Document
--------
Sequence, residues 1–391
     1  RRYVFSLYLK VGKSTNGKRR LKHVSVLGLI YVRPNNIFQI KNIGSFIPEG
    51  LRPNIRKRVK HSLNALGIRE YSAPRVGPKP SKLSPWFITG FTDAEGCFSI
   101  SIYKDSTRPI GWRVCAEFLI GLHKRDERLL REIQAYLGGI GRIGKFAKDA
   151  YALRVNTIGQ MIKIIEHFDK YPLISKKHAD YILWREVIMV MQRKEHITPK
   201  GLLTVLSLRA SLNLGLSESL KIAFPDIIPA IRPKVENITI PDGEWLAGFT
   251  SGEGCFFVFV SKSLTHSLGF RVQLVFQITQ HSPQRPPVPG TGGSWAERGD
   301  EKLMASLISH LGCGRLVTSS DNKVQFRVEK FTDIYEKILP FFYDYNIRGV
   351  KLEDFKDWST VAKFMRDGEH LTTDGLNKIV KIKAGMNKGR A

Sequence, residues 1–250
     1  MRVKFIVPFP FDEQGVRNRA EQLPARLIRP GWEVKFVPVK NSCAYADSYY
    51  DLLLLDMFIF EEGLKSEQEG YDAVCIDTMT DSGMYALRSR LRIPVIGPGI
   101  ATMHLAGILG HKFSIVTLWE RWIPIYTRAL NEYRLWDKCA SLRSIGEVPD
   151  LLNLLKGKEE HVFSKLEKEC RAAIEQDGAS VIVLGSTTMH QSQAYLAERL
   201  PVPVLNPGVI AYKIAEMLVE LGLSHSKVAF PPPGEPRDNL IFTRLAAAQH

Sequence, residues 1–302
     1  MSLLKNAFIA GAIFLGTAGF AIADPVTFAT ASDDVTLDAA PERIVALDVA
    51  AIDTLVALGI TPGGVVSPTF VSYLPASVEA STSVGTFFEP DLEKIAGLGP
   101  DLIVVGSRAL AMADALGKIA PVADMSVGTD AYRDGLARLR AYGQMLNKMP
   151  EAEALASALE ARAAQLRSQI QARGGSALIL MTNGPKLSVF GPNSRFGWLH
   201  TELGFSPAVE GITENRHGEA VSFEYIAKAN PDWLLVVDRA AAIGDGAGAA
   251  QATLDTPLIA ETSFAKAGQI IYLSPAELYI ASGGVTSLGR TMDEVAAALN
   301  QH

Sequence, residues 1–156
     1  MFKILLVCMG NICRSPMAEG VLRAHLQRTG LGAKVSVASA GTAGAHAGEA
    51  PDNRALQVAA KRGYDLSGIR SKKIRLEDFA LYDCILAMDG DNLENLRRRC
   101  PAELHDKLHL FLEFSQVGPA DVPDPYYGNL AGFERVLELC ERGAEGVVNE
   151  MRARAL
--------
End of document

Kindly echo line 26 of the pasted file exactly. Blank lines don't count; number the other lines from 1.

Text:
    51  PDNRALQVAA KRGYDLSGIR SKKIRLEDFA LYDCILAMDG DNLENLRRRC